11. 29.
    “Prisoners and Captives (By One of them),” in The Readers’ Guide to Rudyard Kipling’s Work, ed. R. E. Harbord, 5 vols. (Canterbury: Gibbs, 1961–70), 2:1099.Google Scholar
  12. 39.
    Philip Mason, Kipling: The Glass, The Shadow and The Fire ( London: Jonathan Cape, 1975 ), 97.Google Scholar
  13. 46.
    Miss Henschil discovers, thanks to her companion, Nurse Blaber, that her nightmare results from the visit by her pregnant mother to a leper colony. Conroy likewise finds out that when he was in his mother’s womb, she experienced a frightening episode at sea. Both occurrences scared the pregnant women so much that they passed the horror on to their unborn children, an explanation for the visitations that fails the test of authenticity in the view of most critics of story. Angus Wilson, e.g., argues that “the psychic element is so irrelevant or so metamorphosed into an appearance of medical psychiatry that its use as a solution or a means of identification of the source of the ill obscures and weakens otherwise interesting situations” (268–69). J. I. M. Stewart probably speaks for many readers when he states that “we are not very convinced” by Kipling’s explanation of why his characters in the story experience nightmares. Rudyard Kipling (London: Victor Gollancz, 1996), 168. Apparently, Kipling was attempting (though admittedly without total success) to find a way of showing that the nightmare visions of Conroy and Miss Henschil did not result from guilt or from some wrong that they had committed. He wanted the horror to be something “laid” upon them, as Nurse Blaber explains, and not the product of sin or overactive imaginations.Google Scholar
  14. 61.
    Though “reference to hypnagogic experiences extends as far back as Aristotle,” according to Andreas Mavromatis, the phenomenon came under earnest scientific scrutiny beginning with the work of the Frenchman Maury in 1848. In 1890, S. W. Mitchell indicated that “the borderland of sleep is haunted by hallucinations… voices… distressingly real visions.” Quoted in Mavromatis, Hypnagogia: The Unique State of Consciousness Between Wakefulness and Sleep (London: Routledge and Kegan Paul, 1987), 4.Google Scholar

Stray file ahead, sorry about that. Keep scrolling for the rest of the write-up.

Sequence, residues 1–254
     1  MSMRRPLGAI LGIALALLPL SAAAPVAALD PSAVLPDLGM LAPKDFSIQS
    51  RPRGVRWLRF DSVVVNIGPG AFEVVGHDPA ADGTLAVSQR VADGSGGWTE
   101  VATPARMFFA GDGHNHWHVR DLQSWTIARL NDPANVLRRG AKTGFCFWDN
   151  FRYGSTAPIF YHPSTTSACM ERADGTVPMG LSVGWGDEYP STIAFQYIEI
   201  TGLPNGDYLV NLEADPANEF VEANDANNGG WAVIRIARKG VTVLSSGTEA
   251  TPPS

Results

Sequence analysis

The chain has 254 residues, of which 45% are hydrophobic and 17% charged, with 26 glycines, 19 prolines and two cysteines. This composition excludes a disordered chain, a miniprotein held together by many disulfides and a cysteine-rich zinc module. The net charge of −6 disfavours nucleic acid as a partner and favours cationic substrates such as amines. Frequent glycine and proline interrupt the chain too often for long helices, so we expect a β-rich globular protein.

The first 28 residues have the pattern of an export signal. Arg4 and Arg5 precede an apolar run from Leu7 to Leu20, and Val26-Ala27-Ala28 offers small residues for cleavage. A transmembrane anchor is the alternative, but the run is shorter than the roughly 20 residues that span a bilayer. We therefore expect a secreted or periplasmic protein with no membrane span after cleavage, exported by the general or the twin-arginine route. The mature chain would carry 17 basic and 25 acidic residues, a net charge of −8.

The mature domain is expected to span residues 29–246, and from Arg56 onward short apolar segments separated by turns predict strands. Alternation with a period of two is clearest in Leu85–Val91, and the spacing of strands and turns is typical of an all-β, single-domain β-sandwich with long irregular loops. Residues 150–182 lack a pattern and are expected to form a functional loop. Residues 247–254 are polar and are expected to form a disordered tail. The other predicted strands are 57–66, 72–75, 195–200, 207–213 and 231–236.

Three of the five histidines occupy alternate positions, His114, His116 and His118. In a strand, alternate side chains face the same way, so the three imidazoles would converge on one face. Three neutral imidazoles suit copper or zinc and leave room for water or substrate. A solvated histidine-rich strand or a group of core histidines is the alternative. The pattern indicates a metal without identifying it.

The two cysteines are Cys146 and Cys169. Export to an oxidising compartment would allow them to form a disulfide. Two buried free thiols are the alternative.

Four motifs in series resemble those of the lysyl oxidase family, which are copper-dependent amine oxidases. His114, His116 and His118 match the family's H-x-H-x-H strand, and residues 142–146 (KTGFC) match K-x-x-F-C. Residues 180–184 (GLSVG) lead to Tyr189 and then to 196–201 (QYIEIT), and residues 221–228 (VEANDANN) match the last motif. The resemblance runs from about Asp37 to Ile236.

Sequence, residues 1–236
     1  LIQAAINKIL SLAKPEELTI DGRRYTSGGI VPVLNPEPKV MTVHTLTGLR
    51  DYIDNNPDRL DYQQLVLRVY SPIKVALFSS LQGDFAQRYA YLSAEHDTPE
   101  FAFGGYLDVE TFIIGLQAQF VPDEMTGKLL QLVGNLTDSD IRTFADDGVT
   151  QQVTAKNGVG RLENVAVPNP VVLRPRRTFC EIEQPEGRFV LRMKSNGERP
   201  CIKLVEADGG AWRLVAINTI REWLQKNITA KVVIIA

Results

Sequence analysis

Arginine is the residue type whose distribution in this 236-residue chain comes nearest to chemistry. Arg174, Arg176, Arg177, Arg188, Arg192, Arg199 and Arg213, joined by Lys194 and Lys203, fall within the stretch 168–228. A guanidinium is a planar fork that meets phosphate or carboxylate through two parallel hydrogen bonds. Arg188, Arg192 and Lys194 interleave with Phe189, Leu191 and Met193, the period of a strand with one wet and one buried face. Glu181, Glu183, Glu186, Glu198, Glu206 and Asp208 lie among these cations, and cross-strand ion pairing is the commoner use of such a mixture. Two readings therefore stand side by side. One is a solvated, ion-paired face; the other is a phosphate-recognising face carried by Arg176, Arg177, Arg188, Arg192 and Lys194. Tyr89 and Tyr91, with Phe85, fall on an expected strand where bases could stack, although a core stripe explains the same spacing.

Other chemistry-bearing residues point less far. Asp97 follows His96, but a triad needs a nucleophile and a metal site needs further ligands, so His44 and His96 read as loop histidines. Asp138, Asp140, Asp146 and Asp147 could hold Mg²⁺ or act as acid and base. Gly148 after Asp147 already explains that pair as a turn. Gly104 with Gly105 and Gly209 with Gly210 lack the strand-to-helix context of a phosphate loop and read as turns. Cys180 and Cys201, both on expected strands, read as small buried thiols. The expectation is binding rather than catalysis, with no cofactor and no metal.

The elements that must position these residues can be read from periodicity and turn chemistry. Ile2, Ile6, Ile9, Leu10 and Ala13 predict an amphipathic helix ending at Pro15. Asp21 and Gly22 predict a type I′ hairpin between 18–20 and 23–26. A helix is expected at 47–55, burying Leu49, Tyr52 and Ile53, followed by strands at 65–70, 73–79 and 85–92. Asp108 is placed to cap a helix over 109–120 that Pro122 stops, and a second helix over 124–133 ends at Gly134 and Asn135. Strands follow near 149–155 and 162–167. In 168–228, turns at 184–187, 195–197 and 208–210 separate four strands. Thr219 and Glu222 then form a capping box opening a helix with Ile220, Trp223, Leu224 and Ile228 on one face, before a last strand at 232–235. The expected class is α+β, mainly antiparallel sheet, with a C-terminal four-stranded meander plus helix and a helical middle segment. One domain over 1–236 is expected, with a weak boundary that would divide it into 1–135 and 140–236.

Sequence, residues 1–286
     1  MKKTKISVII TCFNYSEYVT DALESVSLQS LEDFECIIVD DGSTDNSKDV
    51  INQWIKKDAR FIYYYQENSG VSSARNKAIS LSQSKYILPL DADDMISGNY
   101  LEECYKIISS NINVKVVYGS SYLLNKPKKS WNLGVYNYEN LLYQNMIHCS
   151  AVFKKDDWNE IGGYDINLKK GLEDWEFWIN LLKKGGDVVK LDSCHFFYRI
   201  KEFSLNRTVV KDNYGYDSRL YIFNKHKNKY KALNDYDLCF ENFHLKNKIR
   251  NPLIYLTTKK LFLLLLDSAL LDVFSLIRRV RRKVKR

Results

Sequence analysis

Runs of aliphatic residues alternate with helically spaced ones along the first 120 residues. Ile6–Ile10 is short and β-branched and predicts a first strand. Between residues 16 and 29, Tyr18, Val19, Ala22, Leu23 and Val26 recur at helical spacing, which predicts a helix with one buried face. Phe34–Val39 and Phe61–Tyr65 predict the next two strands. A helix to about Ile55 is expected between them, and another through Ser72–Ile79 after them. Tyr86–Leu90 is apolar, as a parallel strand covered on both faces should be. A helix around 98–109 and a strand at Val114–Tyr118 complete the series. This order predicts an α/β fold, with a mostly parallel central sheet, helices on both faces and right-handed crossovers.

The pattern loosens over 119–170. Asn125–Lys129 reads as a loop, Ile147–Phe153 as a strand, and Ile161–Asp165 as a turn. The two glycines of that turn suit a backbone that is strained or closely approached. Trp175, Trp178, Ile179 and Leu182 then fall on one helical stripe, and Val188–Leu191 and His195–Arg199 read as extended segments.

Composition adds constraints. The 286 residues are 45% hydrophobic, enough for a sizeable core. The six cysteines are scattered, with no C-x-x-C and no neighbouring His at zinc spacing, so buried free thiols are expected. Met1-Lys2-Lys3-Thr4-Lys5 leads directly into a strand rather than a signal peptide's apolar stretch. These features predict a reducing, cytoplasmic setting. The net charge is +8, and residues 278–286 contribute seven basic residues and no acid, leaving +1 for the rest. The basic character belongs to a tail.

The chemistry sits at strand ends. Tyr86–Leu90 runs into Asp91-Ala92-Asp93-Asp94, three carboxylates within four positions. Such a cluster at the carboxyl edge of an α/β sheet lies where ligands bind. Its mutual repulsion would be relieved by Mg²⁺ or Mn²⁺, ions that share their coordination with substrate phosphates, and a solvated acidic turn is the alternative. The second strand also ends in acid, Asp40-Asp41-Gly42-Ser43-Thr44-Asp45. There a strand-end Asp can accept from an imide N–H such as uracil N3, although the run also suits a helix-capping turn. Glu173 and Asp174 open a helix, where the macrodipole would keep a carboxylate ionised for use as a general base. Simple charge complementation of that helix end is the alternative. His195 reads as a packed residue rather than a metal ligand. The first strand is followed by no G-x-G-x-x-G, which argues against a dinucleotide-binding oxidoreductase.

15. 69.
    In an early estimate of the story, Francis Adams considered it one of Kipling’s “deliberately supernatural tales,” and declared it a “distinct failure.” “Rudyard Kipling,” in Kipling: The Critical Heritage, ed. Roger Lancelyn Green (London: Routledge and Kegan Paul, 1971), 154. Angus Wilson sees ghosts (89) in the story and describes it as a work of “Gothic horrors” (156). J. M. S. Tompkins includes it among Kipling’s “early ghost-stories” of which she does not wish “to enter into any close examination” (198). Similarly, Bonamy Dobrée appears to believe that in the story Kipling’s concern is with ghosts and mentions the work only in passing (12, 27). Although Charles Carrington calls “The Phantom’Rickshaw” a tale “of horror written markedly in the manner of Edgar Allan Poe,” he veers off from the critics mentioned earlier when he states that the story “has some claim to consideration as a study of hallucination, the first and not the weakest of the many tales of psychopathic states which he was to publish” (105). Louis L. Cornell feels that Kipling was himself undecided about the nature of the apparitions and thus created a fascinating ambiguity. Kipling in India ( London: Macmillan, 1966 ), 106–07.Google Scholar
  16. 83.
    James Tod, Annals and Antiquities of Rajasthan (Delhi: Motilal Banarsidass, 1971),3:1821.Google Scholar
  17. 84.
    James Tod, Rajput Tales ( Delhi: Cosmo, 1996 ), 22.Google Scholar
  18. 86.
    Randall Jarrell, “On Preparing to Read Kipling,” in A Sad Heart at the Supermarket ( New York: Atheneum, 1962 ), 127.Google Scholar
  19. 92.
    Phillip Mallett, Rudyard Kipling: A Literary Life ( Basingstoke: Palgrave Macmillan, 2003 ), 3.CrossRefGoogle Scholar

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© William B. Dillingham 2005

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  • William B. Dillingham